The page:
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Summer electric prices expected to stay near historically low levels

By: The New York State Public Service Commission |

The New York State Public Service Commission announced the cost for electricity supply is expected to remain near historically low levels this summer. In addition, peak power demand forecasts continue to fall thanks in part to Gov. Andrew M. Cuomo’s “Reforming the Energy Vision” strategy. The decline in the amount of electricity consumed during the year helps lower costs for consumers and helps save the environment by reducing air pollution from power plants.

“The summer outlook is great news for residential and business customers,” said PSC Chairman John B. Rhodes. “Gov. Cuomo’s REV initiative to create a cleaner, more resilient, and affordable energy system continues to yield dividends, including lower consumer costs; and it is helping to ensure an adequate, reliable electric supply going forward.”

There are many factors that are helping to keep prices down, including PSC-ordered programs to lower demand, requiring utilities to use policies to mitigate volatility in prices, all of which are helping to ensure price stability for consumers.

Cuomo’s “Green New Deal” seeks to aggressively put New York on a path to economywide carbon neutrality under a strategy to be developed by the Climate Action Council of state, workforce, and environmental justice experts. It would provide for a just transition to a 100% clean and carbon-neutral supply of energy by 2040, spurring the growth of the green economy and would be one of the most aggressive goals in the U.S. The cornerstone of this newly proposed mandate is a significant increase of New York’s “Clean Energy Standard” to 70% renewable electricity by 2030.

This year’s energy price forecasts are down slightly from last year’s actuals between 1% to 3% across the state, which means consumers could potentially see lower supply bills this summer compared to last summer if the weather is comparable. The energy price forecasts are based on current projections from the New York Mercantile Exchange, although actual prices can vary from these forecasts due to a number of unpredictable factors, such as weather and overall demand for electricity. Financial hedging by the state’s regulated utilities will also reduce any price increases this summer. This financial planning will also protect against unforeseen and unexpected spikes in supply costs.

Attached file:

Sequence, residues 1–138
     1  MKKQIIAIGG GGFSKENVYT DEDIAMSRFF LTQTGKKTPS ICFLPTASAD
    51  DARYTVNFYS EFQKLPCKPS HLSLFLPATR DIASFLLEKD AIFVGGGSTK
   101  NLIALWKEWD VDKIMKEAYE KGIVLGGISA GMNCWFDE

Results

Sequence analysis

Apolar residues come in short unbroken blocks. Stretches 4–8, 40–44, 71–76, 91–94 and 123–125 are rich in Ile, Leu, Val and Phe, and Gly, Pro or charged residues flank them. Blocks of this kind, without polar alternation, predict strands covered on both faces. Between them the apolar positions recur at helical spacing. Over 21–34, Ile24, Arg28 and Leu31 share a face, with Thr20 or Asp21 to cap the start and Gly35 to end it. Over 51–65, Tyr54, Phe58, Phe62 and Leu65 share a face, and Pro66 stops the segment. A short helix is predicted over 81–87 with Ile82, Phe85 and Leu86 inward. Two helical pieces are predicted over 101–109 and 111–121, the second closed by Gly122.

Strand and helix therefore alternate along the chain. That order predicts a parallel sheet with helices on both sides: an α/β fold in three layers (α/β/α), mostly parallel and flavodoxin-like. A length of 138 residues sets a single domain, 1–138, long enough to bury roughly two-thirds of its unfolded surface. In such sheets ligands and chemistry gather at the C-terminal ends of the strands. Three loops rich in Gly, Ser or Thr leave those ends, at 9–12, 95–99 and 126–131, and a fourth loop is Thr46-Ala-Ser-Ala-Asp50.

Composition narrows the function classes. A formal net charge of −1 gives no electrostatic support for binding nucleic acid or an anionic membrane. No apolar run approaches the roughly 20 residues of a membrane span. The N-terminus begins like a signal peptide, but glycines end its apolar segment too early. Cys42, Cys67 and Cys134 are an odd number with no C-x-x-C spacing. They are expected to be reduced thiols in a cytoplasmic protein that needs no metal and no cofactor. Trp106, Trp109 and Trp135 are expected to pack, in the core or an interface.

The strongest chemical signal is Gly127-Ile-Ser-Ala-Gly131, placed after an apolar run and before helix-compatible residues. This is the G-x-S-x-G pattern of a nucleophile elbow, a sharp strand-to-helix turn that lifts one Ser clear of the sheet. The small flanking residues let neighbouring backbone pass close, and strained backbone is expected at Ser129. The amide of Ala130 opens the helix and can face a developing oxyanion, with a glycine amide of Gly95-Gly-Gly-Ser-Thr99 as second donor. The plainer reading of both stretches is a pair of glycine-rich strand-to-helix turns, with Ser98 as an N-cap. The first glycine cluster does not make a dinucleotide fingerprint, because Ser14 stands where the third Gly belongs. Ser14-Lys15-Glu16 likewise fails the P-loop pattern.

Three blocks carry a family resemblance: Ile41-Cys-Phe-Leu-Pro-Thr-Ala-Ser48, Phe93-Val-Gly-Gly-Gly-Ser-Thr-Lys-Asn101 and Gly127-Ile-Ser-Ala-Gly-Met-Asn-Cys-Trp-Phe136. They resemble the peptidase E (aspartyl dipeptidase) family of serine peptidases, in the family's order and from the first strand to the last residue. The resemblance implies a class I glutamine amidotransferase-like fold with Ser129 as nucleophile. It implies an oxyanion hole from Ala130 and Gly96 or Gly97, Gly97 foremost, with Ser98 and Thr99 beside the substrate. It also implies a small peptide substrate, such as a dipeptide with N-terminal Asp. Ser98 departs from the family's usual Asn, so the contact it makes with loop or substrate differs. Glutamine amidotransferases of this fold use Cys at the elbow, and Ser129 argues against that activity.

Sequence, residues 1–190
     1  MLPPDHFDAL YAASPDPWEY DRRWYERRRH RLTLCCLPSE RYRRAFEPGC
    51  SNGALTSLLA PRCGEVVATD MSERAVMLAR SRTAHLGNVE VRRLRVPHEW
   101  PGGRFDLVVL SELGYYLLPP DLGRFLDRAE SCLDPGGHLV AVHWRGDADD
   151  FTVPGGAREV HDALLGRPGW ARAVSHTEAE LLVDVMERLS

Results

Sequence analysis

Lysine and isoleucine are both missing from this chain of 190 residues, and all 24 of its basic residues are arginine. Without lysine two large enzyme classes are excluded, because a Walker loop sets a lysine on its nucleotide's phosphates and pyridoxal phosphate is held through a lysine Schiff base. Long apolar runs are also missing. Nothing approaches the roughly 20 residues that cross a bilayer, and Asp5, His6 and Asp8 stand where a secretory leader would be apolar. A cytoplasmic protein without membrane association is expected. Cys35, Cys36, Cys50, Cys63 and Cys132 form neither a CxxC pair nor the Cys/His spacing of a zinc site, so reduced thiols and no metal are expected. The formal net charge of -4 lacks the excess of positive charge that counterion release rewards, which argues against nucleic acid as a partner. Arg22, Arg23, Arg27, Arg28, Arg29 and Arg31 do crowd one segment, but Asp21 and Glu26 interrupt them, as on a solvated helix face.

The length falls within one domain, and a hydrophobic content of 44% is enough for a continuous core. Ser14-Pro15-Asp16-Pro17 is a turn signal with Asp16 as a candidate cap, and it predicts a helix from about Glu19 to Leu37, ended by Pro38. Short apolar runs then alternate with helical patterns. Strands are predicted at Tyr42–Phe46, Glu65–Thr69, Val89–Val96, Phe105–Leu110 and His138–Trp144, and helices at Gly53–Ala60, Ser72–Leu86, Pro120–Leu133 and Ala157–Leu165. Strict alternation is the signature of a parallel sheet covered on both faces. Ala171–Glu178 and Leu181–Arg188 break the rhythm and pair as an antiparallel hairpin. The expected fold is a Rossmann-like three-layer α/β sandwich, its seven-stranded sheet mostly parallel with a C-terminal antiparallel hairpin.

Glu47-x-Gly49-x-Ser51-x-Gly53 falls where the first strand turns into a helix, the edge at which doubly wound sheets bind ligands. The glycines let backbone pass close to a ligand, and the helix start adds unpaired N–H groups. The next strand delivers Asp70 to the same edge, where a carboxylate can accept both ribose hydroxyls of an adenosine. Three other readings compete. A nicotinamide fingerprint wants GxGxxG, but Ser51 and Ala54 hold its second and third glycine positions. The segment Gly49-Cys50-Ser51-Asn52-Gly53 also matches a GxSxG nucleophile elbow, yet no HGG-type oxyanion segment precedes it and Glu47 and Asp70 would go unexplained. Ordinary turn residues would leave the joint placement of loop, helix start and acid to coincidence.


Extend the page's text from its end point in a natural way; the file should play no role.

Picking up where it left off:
There are sufficient generating capacity resources to supply expected customer demands and all of the state’s electric utilities are prepared to serve those expected customer demands. Typically, the forecast for this demand (known as the peak load) has been in the range of 33,300 megawatts (MW), compared to the winter peak of about 25,000 MW. Peak load this summer is forecast to be 32,382 MW – down slightly from last year. Peak load forecasts continue to fall due to the energy reforms under REV.

In the summer of 2013, New York set an actual record peak load of 33,955 MW. Thanks to REV and other improvements, NYISO’s current forecast for 2026 is about 2,000 MW less than its 2016 forecast. A 2,000 MW decrease in peak demand is the equivalent of the electricity generated by several large power plants to supply approximately 1.75 million average-size homes. Reducing the amount of electricity that’s consumed on a daily basis and during the hottest days of summer provides significant benefits to consumers and the environment.